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Issue Date: January 2011

TV Winners

Steve Gleydura

I have to admit, I'm a bit of a fan of Hot in Cleveland.

But it wasn't Betty White or Valerie Bertinelli (though she's as cute as ever) or our town as the fictional setting for the TV Land sitcom that hooked me.

In fact, I rather hated the pilot. Too predictable. Not enough Betty. Lame Cleveland jokes. ("To think that we wasted all that time and effort and money trying to look 10 years younger and 10 pounds lighter and all we had to do was crash-land in Cleveland.")

All my worst fears were realized.

So unlike the hordes of people who tuned in for the pilot, I stopped watching. Even with my Catholic upbringing, I didn't feel any guilt at all. There were plenty of shows in my Hulu queue that I'd rather watch, even if they didn't have Cleveland in the name.

Still, when the show got picked up for a second season, the TV Land publicity folks asked if we'd consider a cover story. So I gave Hot in Cleveland another chance. I downloaded the entire season on iTunes and watched the pilot again.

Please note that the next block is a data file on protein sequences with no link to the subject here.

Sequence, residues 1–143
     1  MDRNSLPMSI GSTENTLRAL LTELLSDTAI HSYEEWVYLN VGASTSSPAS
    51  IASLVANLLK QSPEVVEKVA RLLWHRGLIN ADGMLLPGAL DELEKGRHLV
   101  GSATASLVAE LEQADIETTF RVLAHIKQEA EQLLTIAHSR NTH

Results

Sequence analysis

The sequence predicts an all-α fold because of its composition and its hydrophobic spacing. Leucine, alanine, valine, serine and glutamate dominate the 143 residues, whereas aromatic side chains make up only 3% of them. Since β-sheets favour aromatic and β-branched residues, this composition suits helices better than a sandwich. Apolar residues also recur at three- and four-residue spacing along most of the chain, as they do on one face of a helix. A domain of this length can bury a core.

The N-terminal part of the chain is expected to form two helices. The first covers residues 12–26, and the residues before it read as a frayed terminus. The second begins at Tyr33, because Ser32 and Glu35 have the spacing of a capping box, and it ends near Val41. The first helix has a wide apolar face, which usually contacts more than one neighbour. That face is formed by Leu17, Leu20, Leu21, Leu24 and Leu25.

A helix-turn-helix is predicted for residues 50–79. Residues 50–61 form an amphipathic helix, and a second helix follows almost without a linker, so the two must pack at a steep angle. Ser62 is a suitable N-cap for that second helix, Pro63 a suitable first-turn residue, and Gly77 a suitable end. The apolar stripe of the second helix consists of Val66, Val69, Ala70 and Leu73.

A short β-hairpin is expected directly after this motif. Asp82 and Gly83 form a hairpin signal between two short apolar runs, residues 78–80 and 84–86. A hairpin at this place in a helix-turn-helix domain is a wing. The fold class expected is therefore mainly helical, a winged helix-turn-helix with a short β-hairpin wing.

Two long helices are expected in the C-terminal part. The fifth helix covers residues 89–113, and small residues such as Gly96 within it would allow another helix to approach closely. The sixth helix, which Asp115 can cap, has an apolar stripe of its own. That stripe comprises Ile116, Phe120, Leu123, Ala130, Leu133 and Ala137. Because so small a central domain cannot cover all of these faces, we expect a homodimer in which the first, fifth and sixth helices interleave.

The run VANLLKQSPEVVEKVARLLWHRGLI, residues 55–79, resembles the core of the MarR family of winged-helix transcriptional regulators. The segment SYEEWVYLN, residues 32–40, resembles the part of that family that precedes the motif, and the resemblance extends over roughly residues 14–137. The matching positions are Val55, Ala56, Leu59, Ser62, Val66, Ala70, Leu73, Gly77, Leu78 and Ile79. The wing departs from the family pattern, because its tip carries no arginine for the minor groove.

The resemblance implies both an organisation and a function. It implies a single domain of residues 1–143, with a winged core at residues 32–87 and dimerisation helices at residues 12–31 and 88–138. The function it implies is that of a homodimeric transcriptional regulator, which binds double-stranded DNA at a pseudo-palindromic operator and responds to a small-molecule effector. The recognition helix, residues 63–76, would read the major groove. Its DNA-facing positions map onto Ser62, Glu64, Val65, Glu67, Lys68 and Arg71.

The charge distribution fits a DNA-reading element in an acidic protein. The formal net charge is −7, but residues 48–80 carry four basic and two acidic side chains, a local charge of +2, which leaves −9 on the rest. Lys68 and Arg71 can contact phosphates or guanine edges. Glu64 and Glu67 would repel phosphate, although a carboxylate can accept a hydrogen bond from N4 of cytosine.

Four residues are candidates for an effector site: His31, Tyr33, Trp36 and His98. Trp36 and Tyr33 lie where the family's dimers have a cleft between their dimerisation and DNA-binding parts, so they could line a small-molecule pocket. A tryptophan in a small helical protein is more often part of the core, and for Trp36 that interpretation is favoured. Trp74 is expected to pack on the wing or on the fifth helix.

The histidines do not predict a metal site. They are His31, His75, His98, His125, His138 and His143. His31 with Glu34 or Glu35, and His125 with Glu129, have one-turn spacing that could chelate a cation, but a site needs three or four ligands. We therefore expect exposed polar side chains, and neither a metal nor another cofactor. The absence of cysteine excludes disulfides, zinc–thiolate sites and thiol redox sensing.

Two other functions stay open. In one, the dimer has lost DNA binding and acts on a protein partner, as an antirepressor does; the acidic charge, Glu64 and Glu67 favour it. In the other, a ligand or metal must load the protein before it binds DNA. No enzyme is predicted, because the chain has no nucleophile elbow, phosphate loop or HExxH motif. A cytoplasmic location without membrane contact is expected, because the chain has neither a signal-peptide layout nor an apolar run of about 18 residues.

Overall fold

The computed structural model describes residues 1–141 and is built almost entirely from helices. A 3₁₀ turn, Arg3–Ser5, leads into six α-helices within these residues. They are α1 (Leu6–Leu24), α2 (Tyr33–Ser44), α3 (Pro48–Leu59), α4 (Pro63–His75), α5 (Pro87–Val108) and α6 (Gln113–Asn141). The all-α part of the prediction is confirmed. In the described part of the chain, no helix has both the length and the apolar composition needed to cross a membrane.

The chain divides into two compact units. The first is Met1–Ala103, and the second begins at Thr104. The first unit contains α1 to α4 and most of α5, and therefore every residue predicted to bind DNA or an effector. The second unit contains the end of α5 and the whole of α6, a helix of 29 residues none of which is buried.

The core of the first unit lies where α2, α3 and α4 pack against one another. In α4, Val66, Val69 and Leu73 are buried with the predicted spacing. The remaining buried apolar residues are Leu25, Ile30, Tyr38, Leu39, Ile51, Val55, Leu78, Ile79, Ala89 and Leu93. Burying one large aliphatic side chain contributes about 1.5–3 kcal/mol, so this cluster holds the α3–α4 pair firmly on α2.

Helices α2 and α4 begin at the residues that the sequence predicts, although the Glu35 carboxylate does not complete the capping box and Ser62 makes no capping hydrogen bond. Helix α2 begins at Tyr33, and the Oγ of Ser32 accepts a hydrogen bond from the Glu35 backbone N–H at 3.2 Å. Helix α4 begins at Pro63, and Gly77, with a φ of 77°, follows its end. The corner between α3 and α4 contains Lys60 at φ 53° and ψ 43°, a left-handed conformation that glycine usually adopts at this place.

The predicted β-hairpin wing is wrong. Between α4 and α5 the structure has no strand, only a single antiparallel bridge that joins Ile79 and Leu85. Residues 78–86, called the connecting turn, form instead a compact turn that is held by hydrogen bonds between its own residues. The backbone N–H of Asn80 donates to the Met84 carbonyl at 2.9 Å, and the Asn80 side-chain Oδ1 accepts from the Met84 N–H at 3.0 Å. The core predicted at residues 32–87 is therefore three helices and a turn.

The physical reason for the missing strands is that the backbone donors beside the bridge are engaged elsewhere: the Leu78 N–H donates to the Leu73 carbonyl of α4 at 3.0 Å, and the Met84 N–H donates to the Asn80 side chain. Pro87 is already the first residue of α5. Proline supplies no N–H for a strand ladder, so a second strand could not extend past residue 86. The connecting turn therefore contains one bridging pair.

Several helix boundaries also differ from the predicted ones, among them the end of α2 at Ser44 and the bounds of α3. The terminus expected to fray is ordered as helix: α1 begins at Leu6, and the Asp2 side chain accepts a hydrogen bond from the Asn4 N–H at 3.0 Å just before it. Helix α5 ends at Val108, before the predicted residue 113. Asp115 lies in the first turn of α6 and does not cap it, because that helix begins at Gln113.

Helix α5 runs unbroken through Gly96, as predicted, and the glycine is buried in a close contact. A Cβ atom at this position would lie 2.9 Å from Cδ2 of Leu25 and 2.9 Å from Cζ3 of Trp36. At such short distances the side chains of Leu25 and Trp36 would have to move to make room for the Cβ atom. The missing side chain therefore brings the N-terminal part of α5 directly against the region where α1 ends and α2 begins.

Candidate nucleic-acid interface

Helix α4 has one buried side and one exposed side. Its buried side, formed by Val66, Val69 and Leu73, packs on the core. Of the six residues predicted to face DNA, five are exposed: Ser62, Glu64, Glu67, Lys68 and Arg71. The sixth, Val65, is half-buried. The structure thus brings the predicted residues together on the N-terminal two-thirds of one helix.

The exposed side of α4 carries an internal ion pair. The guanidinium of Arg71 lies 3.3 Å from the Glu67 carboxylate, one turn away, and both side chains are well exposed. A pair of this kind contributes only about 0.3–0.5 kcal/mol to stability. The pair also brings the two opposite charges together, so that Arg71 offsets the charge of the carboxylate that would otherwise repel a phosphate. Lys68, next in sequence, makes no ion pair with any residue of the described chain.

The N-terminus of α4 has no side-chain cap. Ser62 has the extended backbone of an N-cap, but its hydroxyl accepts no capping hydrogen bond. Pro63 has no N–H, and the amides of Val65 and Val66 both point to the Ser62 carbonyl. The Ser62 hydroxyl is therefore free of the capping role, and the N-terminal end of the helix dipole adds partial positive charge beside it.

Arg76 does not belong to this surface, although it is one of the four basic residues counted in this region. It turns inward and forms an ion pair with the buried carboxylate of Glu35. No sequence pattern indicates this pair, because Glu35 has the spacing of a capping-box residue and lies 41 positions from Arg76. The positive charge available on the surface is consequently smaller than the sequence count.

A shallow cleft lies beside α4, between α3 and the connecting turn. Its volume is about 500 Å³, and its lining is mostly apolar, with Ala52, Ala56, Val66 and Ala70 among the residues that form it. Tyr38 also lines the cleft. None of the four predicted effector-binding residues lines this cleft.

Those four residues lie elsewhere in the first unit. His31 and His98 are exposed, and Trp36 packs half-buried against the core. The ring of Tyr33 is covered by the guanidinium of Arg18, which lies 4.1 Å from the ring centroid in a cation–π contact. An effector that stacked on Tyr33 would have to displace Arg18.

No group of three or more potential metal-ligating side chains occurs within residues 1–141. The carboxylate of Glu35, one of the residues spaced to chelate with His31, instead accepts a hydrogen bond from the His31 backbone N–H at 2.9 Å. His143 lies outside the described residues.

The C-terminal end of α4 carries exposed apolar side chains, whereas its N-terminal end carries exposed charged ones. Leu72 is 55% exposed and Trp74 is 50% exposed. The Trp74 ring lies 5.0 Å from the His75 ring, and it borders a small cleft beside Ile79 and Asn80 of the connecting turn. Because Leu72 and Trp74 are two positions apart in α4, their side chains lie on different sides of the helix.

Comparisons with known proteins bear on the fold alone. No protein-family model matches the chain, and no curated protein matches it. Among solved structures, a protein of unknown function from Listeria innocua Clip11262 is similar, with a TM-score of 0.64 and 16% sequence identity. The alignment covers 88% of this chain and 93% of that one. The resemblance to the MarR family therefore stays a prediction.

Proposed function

About seven minutes in, I noticed something that changed my mind. Back in the corner of the bar, surrounded by baseball pictures, was a black and white Ghoulardi poster — a nod to Ernie Anderson, TV-8's late-night movie host during the 1960s. It was an unexpected little nugget for real Clevelanders and a subtle reminder of our town's proud TV tradition. It said more about the city than a whole lineup of guys wearing Indians gear.

If the show is meant to be "comfort food," as the creators say, then this spoonful was enough to fill my belly. White and company were funny. Hints of comedies past — The Golden Girls, Seinfeld, Frasier — added flavor. By the time Clevelander Tim Conway made his guest appearance (his fight scene with Carl Reiner is like TV meatloaf), I was a convert.

I guess that's fitting because the creators say Hot in Cleveland's main theme is reinvention. All past 40, the show's characters get a chance to start over here, an aging industrial region that has been seeking a new identity too. Yes, we're a punch line once again, but this time, Hollywood is laughing with us.

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